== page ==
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    TRACT AND MISSIONARY WORK

    We hail the appearance, and witness the rising prosperity, of the Tract and Missionary Society among us, with great joy, and highest hopes as to the efficiency of this means of grace. Like every other means to accomplish great good in the cause of Christ, however, this must be pushed forward with vigilance at every step. God bless Bro. Haskell, and send him to all parts of the wide field to plead with our people in behalf of this worthy institution.EAAP 30.1

    This Tract and Missionary work must be encouraged by every proper means. And the trustees of the Publishing Association will doubtless all agree on the following points:—EAAP 30.2

    1. To discount one-fourth on all bound books and pamphlets.EAAP 30.3

    2. To discount one-half on tracts.EAAP 30.4

    3. To receive one-half the wholesale prices of books, pamphlets, and tracts, furnished to T. and M. Societies from the Book Fund, and one-half from the Societies.EAAP 30.5

    4. To pay all common railroad freights on books to any distance not exceeding 1,500 miles. Express charges on books to be paid by the receiver.EAAP 30.6

    And we would here call especial attention to Bro. Littlejohn’s pamphlet on “The Constitutional Amendment: or, the Sunday, the Sabbath, the Change, and the Restitution.” This work is adapted, above all others on our catalogue, for general circulation by the Tract and Missionary Society. It is candid and able. It is in a style to meet the taste, and also the wants of the intelligent reading public. This pamphlet should be widely circulated to open the way for Bro. Littlejohn’s full work, containing the discussion, also, between himself and the Statesman. The terms of our publications to the T. and M. Society are made as easy as possible to encourage that living, efficient organization.EAAP 31.1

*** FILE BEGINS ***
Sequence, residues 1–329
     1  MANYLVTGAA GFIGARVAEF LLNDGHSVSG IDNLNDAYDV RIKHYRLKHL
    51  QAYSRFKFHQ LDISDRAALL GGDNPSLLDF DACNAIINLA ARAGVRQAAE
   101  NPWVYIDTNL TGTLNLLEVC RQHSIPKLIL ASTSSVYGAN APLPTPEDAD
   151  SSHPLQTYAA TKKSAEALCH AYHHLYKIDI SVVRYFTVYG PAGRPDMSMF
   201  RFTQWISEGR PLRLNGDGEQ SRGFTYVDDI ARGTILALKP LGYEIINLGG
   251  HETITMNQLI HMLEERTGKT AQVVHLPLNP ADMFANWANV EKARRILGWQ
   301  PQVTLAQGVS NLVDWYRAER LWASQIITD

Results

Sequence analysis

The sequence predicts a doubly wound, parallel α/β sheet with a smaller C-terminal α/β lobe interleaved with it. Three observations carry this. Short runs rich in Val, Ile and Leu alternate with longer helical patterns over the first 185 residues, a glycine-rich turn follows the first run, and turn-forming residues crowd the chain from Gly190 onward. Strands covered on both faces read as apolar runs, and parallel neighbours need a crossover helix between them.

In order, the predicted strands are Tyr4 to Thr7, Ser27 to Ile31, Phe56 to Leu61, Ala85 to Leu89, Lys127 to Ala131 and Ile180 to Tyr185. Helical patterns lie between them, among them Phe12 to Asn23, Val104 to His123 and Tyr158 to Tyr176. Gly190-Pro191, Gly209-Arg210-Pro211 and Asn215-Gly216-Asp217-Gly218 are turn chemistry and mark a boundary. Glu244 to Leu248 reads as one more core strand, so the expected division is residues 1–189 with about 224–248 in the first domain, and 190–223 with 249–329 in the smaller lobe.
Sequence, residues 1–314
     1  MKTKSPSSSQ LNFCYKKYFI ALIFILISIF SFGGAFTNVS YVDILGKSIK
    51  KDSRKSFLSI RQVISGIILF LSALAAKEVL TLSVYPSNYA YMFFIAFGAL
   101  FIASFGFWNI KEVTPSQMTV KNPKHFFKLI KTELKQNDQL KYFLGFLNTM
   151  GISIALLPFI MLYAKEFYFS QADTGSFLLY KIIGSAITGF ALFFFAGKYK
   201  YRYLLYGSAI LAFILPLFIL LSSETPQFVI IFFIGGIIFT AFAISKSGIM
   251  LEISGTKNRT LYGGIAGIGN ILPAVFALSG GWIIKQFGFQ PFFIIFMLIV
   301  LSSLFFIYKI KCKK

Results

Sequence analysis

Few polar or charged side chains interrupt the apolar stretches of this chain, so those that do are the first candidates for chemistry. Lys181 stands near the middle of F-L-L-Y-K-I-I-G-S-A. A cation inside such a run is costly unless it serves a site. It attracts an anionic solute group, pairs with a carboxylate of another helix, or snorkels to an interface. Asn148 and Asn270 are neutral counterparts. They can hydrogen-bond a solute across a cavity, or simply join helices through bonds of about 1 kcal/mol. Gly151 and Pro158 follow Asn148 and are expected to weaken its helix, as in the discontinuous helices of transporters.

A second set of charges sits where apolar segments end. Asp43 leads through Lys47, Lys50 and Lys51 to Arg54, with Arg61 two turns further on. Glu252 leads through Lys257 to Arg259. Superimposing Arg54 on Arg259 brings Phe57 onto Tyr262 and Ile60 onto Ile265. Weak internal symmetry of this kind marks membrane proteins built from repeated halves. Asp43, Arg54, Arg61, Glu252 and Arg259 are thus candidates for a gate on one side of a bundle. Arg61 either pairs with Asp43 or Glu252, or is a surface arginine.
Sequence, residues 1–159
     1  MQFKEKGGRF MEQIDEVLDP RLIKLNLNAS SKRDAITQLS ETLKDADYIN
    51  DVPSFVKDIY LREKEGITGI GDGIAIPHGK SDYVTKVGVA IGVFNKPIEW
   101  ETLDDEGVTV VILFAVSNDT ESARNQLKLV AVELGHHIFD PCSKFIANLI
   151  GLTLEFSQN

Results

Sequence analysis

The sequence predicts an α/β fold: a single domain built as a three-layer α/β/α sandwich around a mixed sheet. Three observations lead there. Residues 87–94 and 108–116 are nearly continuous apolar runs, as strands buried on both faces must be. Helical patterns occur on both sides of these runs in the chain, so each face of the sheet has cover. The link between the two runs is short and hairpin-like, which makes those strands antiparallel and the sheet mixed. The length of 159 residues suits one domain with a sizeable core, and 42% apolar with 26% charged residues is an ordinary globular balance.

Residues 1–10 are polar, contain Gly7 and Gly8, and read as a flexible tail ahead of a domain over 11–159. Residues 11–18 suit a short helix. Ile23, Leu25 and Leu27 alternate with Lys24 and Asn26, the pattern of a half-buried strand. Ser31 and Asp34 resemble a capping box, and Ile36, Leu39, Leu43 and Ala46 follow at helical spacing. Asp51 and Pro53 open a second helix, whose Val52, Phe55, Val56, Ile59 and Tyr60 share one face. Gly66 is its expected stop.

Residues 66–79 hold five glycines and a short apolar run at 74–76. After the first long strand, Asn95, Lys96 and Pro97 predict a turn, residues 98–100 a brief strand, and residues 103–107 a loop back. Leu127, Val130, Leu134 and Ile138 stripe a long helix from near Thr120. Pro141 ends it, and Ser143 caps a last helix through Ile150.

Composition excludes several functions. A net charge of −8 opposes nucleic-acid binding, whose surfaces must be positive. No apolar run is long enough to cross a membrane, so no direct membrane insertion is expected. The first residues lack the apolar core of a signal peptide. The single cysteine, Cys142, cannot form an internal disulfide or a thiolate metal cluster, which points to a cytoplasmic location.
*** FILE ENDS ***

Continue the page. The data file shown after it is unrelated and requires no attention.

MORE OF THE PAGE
Again, faith in the work of God, as manifested in the cause of the third message from its beginning, in the manifestation of the spirit of prophecy among us, is not increasing in the minds of those who do not read Mrs. W. ’s works. Those who read them are established. Those who do not read them waver, and are exposed to the poisonous influence of those who are at war with Mrs. W. ’s plain testimonies. The most proper way to encourage an intelligent faith in the testimonies of the Spirit of God to the church, is to urge the reading of the books. These books are not what a misinformed public suppose them to be. Nothing will disarm prejudice, and increase faith in this work, like reading the books. A case at Woodland favorably illustrates this matter. When Elders Loughborough and Cornell were there with the tent, in the summer of 1872, a cry was raised against the visions, and one man sent for one of the books, and boasted that he would soon be able to expose the whole matter. The book came, the gentleman read it and was silent. His friends called for the book, but he would not let them have it, and there the matter ended. And when Mrs. W. visited Woodland, in the autumn of the same year, she was heard with intense interest. The time is not far distant when the T. and M. Society will put these works into the hands of all candid persons who desire to read them, especially Sabbath-keepers. Mrs. W. hopes to complete volumes two and three before next General Conference. These three volumes are designed to contain her views of the great controversy, from the fall of Satan to the destruction of sin and sinners at the second death, including much practical matter especially applicable to our time.EAAP 31.2

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